Another gardening week (yes we are still working!) and the show must go on.
The day begins with a watering schedule that takes us all around the gardens. The greenhouse, cold frames, pots of tulips, pots of lilies, pots with herbs, perennials recently divided and replanted, newly bought and planted perennials (hollyhocks and delphiniums), new seed beds of veg and flowers and recently planted sweet peas from the greenhouse at the foot of their frames. Plus there are all the containers of topiary at doors and entrances.
In one garden there are 20 new roses planted all over the place, up high banks, along walls, at the base of trees. Each takes half a can of water once a week to get established and are planted a long long way from the tap…
The watering alone can take an hour at each of our gardens and is certainly a wonderful start the day, an opportunity to take in all the detail.
When I first started gardening I was always looking forward to what was coming out next, as you are always preparing for the next season. As the years have gone by, I now realise that the gardens are at their very best today, the day you are there enjoying them.
Setting off … very excited, the sun is shining and it’s a glorious day…
Meet up with Chris for lunch first and a spot of research in a Chelsea Nursery
We have tickets for the 3.30 – 8pm slot but are allowed in at 2pm. Thats loads of time. As we enter everyone is shuffling around at zombie pace already- I don’t blame them, it is hot. I know we’ll be the same in 5 hours time. We have energy, swerve the show gardens and head straight for the Great Pavilion. We gather up Alix en route and then all hell is let loose as we get excited and cameras are out for our favourites. From past experience I take photos of the flowers that I love – and labels (I think the exhibitors are missing a trick not plastering their name all over the labels?) . Alix is a little more old fashioned and it’s all pen and paper for her. I query this but she reassures me that that is the way she works.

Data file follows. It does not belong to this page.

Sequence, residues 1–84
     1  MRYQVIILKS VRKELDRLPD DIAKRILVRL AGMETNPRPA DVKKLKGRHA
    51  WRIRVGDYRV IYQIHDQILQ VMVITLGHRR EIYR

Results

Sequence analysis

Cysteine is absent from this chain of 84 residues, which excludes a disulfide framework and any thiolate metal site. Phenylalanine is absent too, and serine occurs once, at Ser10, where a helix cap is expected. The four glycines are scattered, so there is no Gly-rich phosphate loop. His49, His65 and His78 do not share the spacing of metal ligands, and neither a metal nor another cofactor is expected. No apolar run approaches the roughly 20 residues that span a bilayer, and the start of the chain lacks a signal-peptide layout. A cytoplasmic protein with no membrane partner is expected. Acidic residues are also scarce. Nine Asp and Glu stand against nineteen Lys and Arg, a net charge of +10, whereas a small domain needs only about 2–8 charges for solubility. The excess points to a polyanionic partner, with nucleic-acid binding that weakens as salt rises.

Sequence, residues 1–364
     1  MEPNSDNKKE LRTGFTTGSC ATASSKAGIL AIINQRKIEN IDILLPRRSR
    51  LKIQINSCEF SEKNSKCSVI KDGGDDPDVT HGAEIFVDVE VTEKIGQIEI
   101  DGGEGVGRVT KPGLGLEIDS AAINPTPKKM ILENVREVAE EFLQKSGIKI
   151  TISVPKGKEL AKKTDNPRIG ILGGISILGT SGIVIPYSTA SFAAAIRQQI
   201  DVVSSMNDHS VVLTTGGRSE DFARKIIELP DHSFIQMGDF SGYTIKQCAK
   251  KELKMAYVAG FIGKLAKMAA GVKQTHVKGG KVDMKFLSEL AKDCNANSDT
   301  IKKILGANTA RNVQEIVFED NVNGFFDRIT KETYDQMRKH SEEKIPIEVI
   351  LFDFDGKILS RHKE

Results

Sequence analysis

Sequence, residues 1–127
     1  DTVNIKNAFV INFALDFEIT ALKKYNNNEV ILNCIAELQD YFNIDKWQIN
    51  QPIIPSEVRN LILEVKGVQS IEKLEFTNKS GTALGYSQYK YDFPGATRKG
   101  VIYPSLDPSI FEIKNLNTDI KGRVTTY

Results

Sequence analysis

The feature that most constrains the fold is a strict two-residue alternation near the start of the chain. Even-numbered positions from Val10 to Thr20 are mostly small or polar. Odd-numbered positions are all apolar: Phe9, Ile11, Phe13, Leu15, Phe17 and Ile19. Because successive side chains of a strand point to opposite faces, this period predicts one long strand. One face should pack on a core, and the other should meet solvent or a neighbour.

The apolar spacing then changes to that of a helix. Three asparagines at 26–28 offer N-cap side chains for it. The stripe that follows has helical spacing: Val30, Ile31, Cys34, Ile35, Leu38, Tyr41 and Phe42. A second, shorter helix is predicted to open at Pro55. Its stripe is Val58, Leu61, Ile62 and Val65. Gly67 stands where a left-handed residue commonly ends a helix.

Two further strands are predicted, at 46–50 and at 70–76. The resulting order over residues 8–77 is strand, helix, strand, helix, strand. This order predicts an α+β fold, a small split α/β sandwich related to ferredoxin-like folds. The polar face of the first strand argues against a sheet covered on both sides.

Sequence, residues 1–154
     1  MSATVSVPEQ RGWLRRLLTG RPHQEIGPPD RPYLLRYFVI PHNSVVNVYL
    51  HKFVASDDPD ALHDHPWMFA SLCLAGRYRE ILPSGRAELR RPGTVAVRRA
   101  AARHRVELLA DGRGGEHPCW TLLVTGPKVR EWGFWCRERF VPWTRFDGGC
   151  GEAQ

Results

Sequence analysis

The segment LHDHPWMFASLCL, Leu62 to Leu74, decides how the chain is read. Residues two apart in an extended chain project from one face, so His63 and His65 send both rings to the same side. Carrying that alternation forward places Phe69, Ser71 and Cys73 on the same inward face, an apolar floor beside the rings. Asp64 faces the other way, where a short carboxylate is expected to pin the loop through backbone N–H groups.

OK I’ve already ordered 200 Narcissi for a client, having discussed with the gang which ones really are the most beautiful – but forgotten to take photos and we’re straight onto the Tulips…
So those flowers featured in the ‘Old Masters’ are/were in? – Here is one. Tulipa Grand Perfection
Next fave is Tulipa Blue Parrot
Apparently it can last 3 weeks – that is one whole week longer than many and a great additional attribute.
I hasten to add that these tulips will not look great together in my mind! Next one I love is Tulipa sprengeri… it’s been available for a long time now but oh how lovely:
and so the next stand is Bonsai???!! well, so the mind then has to disassociate from Spring bulbs and move onto miniature trees. I can do that.
I home in straight away to this gorgeous coloured tree. After a brief discussion with a Bonsai practitioner standing next to me, we agree this is a show-stopper; Cedrus atlantica ‘Glauca’. I then spot
Pyracantha? Surely not? This hum-drum filler of a climber for a north facing wall has been transformed into this? I have now just bought one from Morrisons for less than 3 quid – hopefully in five years time I will have recreated this!
I’ve just got into Acers – way after everyone else, in fact practically every stall had Acers as a foil/back drop. Why? Anyway it seems that in America this whitish acer is called Ghost1 or 2, whilst here it is called Acer palmatum wigume or ukigume. I liked it.
Next in this list of completely unrelated plants, I was looking for a Bourganvillea for home and while I love that ridiculously garish pink one in the south of France, I don’t think I can resist this one called Bridal bouquet.
Hours later we emerge from the Pavilion blinking in the sun light – briefly hit and miss the show gardens, partake of a splendidly prepared picnic and have no time left to peruse any more…